The spectre of Communism is haunting Europe…

First of all, an enormous thank you to Kaggsy who wrote about the Red Star over Russia exhibition on her blog and convinced me that I should go to see it. I was initially sceptical, because the Socialist Realist art that I had witnessed in Romania during the Communist era was truly awful, a feast of nauseating kitsch. This exhibition, however, drawn primarily from the collection of British graphic designer David King, focuses on early Soviet art, 1905-1955. This was a period when it was still all about creating a new society and demonstrating that through a new type of art. New fonts, new designs, experimental work and techniques were all employed to show the modernity and success of the Soviet venture. I thought I knew the history behind it reasonably well, but I discovered many new things at this exhibition, for instance the multilingual posters to capture hearts and minds in the Soviet republics. Thank you, curators everywhere, and it always pays to stay humble and learn more!

Was the Soviet artistic enterprise all a lie? Yes, quite a bit of it: success was military rather than economic and came at a great price. Many of the artists were imprisoned or purged by Stalin at a later date. Their designs were imitated at knock-off standards in the decades that followed and by the other Soviet satellite states, cheapening their impact. Yet many avant-garde artists clearly believed at the time that art and architecture could bring out about a more democratic approach to art, render it less elitist, create a new environment where everyone felt empowered to create. All admirable goals (sound familiar to what we are discussing nowadays?). Plus, many of the designs still look fresh and beautiful today – and especially poignant, when you consider the tainted history behind them.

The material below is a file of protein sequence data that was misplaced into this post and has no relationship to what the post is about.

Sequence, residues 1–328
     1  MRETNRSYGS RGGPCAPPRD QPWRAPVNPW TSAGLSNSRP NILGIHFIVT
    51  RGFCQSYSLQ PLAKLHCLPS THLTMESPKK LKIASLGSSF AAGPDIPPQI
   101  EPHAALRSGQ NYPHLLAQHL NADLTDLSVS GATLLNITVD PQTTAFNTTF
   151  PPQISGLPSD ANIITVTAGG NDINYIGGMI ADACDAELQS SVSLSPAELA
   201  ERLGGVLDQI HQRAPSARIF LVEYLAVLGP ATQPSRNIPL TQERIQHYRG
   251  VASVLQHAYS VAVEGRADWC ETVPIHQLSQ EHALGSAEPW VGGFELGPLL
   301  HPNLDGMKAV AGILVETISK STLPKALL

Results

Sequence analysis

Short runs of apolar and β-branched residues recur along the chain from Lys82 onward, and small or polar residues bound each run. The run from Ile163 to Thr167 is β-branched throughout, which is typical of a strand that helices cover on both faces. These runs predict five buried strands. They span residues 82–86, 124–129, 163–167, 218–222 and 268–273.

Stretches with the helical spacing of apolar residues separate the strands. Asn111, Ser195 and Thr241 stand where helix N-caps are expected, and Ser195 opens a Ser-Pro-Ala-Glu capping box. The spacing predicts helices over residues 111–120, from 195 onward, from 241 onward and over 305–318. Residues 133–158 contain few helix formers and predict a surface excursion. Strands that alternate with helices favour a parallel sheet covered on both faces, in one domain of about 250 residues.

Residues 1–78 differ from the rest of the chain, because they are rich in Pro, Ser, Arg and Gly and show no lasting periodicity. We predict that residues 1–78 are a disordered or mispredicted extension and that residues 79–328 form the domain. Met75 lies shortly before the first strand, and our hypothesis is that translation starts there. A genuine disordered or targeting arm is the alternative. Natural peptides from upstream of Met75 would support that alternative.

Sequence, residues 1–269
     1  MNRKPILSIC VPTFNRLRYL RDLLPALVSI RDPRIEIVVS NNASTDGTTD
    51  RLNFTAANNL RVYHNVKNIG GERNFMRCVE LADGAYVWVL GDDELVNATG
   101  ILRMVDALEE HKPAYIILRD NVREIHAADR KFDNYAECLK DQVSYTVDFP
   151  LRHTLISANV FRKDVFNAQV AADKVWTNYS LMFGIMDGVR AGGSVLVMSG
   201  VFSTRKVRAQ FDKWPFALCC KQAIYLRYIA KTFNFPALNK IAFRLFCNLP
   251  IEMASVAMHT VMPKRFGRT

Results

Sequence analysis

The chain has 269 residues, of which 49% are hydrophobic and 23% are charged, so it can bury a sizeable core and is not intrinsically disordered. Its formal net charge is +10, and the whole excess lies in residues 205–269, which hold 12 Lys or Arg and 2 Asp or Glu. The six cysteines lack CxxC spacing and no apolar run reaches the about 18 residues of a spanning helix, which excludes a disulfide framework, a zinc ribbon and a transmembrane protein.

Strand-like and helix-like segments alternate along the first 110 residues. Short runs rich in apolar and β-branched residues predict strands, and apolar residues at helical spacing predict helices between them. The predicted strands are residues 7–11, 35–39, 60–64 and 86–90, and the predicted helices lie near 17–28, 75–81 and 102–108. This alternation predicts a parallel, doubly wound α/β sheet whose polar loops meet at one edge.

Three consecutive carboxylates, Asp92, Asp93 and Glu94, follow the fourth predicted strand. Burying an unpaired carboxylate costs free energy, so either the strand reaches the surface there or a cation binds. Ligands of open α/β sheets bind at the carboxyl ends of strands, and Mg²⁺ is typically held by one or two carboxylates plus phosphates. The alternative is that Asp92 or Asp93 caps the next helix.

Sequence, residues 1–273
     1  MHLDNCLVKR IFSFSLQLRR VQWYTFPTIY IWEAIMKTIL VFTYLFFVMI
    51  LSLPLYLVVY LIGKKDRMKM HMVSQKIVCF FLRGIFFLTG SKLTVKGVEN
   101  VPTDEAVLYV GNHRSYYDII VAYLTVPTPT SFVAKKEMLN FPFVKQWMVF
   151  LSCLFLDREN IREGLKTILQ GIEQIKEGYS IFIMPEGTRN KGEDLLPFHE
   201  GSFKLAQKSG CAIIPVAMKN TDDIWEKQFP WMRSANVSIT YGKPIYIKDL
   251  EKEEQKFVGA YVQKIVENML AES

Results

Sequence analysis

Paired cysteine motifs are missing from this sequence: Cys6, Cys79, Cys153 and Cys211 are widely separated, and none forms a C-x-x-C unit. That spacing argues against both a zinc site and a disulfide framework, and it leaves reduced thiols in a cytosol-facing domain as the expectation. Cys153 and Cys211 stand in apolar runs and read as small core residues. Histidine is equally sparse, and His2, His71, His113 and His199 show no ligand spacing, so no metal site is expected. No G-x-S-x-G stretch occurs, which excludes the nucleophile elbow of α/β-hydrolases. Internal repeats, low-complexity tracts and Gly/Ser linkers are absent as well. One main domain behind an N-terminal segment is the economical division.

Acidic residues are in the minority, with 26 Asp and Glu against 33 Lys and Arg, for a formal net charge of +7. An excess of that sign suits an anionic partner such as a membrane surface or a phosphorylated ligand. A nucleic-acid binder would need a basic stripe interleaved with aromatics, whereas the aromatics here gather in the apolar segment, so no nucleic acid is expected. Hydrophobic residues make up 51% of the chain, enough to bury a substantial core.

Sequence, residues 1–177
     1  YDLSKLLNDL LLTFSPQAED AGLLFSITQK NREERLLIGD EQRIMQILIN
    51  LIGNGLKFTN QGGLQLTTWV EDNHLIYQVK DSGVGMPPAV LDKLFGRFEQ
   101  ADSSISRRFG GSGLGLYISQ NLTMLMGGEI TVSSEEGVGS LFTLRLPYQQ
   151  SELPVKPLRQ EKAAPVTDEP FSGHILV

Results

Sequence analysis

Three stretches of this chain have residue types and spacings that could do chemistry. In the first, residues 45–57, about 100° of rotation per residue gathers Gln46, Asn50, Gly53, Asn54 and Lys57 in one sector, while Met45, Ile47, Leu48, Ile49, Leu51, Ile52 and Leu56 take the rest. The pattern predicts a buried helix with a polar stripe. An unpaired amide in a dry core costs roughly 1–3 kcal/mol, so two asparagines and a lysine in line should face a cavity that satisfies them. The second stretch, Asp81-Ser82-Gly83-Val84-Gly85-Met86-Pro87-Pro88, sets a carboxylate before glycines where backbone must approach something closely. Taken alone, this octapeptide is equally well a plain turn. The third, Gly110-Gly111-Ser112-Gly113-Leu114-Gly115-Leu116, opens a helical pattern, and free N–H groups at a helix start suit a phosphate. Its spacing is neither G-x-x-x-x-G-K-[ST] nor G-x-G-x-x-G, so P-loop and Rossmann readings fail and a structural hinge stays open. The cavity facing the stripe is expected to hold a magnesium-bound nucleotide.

Another part of the exhibition which was painful to see: the self-censorship and mutilation of photographs. Ordinary citizens who had photographs of the Soviet leaders would then cross or cut out those who had fallen out of favour, for fear that someone would examine these photos in their own homes and accuse them of colluding with the traitors. Romania in the 1980s may have had many flaws, but at least we did not have quite this level of terror and paranoia.

Just by way of contrast, here is an example of the disgusting cult of personality and bad art that I grew up in.